HR generalists are HR professionals that understand and can perform a broad range of HR functions – rather than being specialized in any single field. Therefore, when you ask, what does an HR generalist do, the answer is rather simple: They can handle pretty much every human resources task at an entry level.
In this article, we’ll take a closer look at the question and explore what an HR generalist does in an organization. If you're interested in learning more via video, then watch below.
Let’s dive right in.
What Does an HR Generalist Do? Typical Roles in Organizations
Human resources generalists can recruit, screen, interview, and place workers in an organization. They can also handle compensation, benefits, training, employee relations, and payroll, among other HR functions. Therefore, it’s hard to pinpoint the exact HR generalist job description for a given company.
The human resource generalist role can change and adjust with various state laws and company policies in the United States. For example, some companies may let HR generalists handle benefits administration completely, rather than hiring an HR specialist. While such scenarios are common in smaller organizations, some medium-sized companies also tend to compartmentalize their HR departments mildly.
In any case, HR generalists work under the HR manager or HR director. Some smaller companies start their recruitment process of a human resources department by hiring an HR generalist. Primarily because the HR generalist roles can vary from business administration to things like employee relations and basic human resource management.
Therefore, the HR generalist job title can mean any number of things depending on the organization, state, and level of experience you have.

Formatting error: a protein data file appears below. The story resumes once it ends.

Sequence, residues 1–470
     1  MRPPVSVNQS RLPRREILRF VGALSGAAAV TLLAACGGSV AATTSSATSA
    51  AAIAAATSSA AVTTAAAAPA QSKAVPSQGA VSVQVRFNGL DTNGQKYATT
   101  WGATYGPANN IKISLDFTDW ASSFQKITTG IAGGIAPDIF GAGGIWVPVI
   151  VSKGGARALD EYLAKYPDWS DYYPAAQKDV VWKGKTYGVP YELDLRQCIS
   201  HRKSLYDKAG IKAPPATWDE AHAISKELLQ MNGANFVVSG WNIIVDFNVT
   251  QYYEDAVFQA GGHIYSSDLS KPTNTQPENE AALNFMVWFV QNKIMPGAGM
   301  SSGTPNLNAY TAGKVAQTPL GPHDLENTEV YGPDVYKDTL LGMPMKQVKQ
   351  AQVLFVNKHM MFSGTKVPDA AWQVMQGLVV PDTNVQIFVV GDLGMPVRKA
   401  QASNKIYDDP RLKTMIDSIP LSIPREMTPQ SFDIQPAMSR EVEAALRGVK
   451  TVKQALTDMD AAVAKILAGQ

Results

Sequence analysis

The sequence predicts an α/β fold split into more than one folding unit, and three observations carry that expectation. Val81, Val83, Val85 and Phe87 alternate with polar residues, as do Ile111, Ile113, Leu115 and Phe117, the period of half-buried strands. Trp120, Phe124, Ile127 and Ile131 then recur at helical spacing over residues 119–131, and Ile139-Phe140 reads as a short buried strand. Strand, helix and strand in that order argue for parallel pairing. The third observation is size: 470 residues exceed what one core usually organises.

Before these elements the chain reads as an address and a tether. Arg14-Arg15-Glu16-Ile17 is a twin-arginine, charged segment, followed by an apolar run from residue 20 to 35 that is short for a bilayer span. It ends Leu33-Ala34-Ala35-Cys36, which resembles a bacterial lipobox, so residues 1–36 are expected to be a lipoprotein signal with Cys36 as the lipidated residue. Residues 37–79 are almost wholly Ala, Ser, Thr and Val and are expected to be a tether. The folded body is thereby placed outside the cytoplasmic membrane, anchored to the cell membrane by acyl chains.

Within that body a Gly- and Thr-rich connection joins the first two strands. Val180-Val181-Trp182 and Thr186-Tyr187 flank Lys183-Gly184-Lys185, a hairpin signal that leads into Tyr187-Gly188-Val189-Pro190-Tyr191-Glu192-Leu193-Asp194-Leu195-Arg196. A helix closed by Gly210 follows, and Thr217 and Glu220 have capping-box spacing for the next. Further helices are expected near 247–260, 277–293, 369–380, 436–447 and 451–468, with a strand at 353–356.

What Does an HR Generalist Do – Duties and Tasks
In human resources management, roles of jobs such as the human resources specialist are defined according to their specialization. However, the HR generalist role is never limited to any one field; it can develop and expand along with the organization.
The following duties and tasks are what the typical human resources generalist has to manage.
- Help with recruiting and staffing logistics, and if there isn’t a recruiter, the HR generalist may have to handle the recruitment directly.
- Assist in decision-making, organizational development, and company policies.
- Make sure that the company is compliant with regulations, labor laws, and employment laws. HR generalists may even have to report regulatory compliance.
- Help establish performance management, improvement, and training programs and systems.
- Take part or host employee orientations, development programs, and training regimens. Furthermore, they help new employees settle in using onboarding programs.
- Establish active employee communication systems for all departments.
- Manage compensation and handle benefits administration.
- Conduct exit interviews to understand employee behavior.
- Calculate and analyze metrics such as employee turnover and return on investments on various company programs and policies.